How to Deal with Osteoarthritis in Your Hands

How to Deal with Osteoarthritis in Your Hands

More than 32.5 million Americans have osteoarthritis (OA). It’s the most common form of arthritis, and it develops as the joints in your body start deteriorating from years of use.

As you age, the cartilage that cushions your joints wears down. The bones start rubbing against each other, causing symptoms like swelling, stiffness, and pain. Your age, weight, and activity level all affect your risk of OA, and it can develop in almost any joint.

Unfortunately, your hands are particularly susceptible. Hand arthritis can make daily tasks painful and challenging, but treatment can make a difference. As a hand surgery specialist in Fort Worth, Texas, Walter D. Gracia, MD, PA, can help.

Here are some tips for dealing with arthritis in your hands and when to consider seeing a surgeon for advanced care.

Identifying hand arthritis

Each of your hands has about 27 joints. OA can affect any joint in your hand or wrist, but some are more common than others. OA often develops in your wrist, the joint at the base of your thumb, and/or the joints in the middle and top of your other fingers.

OA makes joints swollen and painful. As joint deterioration progresses, you may find that your range of motion is restricted. Severe hand arthritis can make small movements, like buttoning your shirt or tying your shoes, difficult or even impossible.

Conservative care for hand arthritis

There’s no cure for arthritis, but early intervention can help slow joint deterioration and minimize your symptoms. Most OA treatment plans start with conservative, nonsurgical care. 

Wearing a splint or a brace can take the excessive strain off painful joints to help relieve OA symptoms. If you notice swelling or pain, hot or cold therapy can help manage inflammation.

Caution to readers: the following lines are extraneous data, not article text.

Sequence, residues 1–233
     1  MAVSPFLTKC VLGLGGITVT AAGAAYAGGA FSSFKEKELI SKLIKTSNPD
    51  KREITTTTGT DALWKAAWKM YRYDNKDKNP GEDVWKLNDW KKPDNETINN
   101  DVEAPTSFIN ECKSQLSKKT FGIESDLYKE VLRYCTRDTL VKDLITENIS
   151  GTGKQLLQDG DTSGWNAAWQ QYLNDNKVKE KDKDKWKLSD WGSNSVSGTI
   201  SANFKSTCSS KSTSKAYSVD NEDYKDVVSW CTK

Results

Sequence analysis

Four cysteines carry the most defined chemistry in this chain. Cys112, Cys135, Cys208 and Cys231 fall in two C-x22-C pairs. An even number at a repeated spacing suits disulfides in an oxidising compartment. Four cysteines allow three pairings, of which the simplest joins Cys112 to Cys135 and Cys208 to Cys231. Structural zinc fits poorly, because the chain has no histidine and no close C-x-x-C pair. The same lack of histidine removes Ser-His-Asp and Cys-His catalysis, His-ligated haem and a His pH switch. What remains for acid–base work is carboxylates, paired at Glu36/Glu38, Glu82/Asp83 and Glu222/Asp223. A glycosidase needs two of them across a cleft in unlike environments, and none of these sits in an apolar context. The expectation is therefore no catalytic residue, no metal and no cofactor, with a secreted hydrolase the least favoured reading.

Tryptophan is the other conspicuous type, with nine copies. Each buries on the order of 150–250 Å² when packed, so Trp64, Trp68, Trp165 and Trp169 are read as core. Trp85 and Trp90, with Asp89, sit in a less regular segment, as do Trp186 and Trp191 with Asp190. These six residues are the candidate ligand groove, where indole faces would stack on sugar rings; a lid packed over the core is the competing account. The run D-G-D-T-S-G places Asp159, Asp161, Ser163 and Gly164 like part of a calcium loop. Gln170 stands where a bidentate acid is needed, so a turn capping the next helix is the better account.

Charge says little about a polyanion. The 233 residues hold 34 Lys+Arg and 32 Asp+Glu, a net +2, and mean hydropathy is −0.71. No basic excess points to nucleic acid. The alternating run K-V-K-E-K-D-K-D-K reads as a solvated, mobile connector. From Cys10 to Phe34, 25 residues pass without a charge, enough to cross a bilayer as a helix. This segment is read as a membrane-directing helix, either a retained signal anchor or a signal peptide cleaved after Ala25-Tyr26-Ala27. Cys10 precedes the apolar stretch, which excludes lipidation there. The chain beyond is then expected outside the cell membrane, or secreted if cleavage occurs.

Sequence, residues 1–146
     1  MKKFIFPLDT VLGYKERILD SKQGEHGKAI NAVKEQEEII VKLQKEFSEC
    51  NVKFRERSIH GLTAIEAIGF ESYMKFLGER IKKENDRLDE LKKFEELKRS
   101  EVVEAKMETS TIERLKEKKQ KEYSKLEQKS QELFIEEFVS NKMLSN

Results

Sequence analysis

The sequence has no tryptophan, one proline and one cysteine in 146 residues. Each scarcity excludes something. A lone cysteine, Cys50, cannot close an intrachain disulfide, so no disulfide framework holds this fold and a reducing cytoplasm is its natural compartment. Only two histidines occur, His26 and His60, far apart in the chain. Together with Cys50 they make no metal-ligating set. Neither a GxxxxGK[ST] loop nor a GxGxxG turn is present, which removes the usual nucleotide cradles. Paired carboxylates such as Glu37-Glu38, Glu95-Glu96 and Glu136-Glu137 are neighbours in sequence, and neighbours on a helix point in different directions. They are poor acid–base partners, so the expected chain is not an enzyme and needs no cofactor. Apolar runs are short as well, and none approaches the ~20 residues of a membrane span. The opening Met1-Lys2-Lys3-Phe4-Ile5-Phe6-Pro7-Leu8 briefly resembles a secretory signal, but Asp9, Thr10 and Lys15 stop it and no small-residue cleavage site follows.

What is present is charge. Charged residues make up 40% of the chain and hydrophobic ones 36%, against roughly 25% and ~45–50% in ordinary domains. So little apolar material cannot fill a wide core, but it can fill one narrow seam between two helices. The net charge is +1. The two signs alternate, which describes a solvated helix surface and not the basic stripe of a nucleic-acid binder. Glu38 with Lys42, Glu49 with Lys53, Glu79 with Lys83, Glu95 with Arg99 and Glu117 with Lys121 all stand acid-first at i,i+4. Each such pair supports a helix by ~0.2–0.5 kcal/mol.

Increasing your activity level or participating in physical therapy helps build strength in critical joints. Targeted stretches and movement can also help fight stiffness and loss of function, making those daily tasks easier.

For many people, medication plays a role in OA management. Oral, topical, and injectable medications can reduce inflammation and pain so that you can live more comfortably.

You have lots of conservative OA treatment options to choose from. The best treatments for you depend on your age, overall health, and the severity of your arthritis.

When to consider surgery for hand arthritis

A combination of conservative treatments can effectively reduce OA pain and stiffness, but it isn’t enough for everyone. If you’ve exhausted conservative arthritis treatment and still have significant pain, it might be time to consider hand surgery.

The goal of surgery is to remove damaged parts of your joint and reinforce them to reduce your symptoms. Dr. Gracia specializes in hand procedures, and he can help you decide if you’re a good candidate for hand arthritis surgery. 

In surgery, Dr. Gracia and our team carefully removed damaged cartilage and bone growth around joints. Then, we either fuse bones or do a total joint replacement. Hand joint replacement may use ceramic, metal, or plastic implants.

Hand arthritis is common and can seriously limit your quality of life. The good news is that treatment is available. To find out if you’re a candidate for surgery, book a consultation with Dr. Gracia and our team. Call 817-336-9450 or request an appointment online today.

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